The Erdős-Bacon number is defined as the sum of the number of onscreen filmmaking collaborations it takes to connect a person to actor Kevin Bacon, and the number of academic publishing collaborations it takes to reach mathematician Paul Erdős. The number has no value except for the small set of people who are both academics and film performers. Natalie Portman has a Erdős-Bacon number of seven, as does Colin Firth, and Danica McKellar’s number is six. The actor with the lowest number is apparently Albert M. Chan, who appeared with Bacon in *Patriots Day*. His number is four. Coming from the other direction, Carl Sagan’s number was four. Stephen Hawking’s is seven. The lowest number that anyone is known to have is three, held by Professor Daniel Kleitman of MIT, who was a math advisor for *Good Will Hunting* (which is one step from Kevin Bacon via Minnie Driver’s appearance in *Sleepers*) and appeared in the film as an extra.

Can this number be beaten? Lots of mathematicians are still alive who have collaborated with Erdős, and if any of them ever appears in a Kevin Bacon film, they will achieve a value of two. The other way this could be achieved is if Mr. Bacon himself goes into academia and collaborates with one of this group. Since Paul Erdős left us twenty years ago, a value of one is not achievable.

For an even more exclusive club, there are people who have an Erdős-Bacon-Sabbath number, in which the third component is the number of musical collaborations which separate the subject from the members of Black Sabbath. Some famous people for whom low Erdős-Bacon-Sabbath numbers have been claimed include Lisa Kudrow (15), Adam Savage (13), Albert Einstein (11), Richard Feynman (10), Mayim Bialik (10), Tom Lehrer (9), Terry Pratchett (9), Ray Kurzweil (8), and Brian May (8). I don’t think any values lower than eight are known.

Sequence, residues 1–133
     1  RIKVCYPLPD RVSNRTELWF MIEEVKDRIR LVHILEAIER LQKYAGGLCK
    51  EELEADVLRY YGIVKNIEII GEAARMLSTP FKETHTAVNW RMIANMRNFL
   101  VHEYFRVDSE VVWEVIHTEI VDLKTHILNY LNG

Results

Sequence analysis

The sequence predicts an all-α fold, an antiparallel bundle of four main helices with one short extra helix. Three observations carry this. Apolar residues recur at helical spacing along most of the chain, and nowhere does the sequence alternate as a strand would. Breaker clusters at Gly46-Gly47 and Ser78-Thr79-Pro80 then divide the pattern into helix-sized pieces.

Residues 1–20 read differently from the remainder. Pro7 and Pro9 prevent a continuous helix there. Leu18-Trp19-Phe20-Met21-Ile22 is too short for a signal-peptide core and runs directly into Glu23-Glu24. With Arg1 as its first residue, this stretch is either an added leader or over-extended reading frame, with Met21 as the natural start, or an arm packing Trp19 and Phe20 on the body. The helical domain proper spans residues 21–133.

Some of these collaborations are a stretch — it’s easy to question whether they count. Among those mentioned earlier, Natalie Portman has a pretty solid 10 via a joke rap track she recorded with some people from Saturday Night Live, Danica McKellar has a dubious 10 by singing in an ad jingle, and Carl Sagan has an even more dubious 10 by being sampled in an autotuned remix of bits of narration from *Cosmos*. Mayim Bialik’s case might be the poorest of all: Michael Jackson put his celebrity friends into a crowd scene in a music video, and I don’t think she even sings in it. In Brian May’s case, it’s the Erdős side which is very dubious, via some book called *Bang! The Complete History of the Universe*, which does not exactly seem to be a peer-reviewed publication. For Kurzweil, it’s the Bacon number which is shaky, as they’re counting an appearance on a nonfiction TV show. But some are much more legitimate: for instance, by singing in *Mamma Mia!*, Colin Firth has given himself a value of 11 which should be beyond dispute.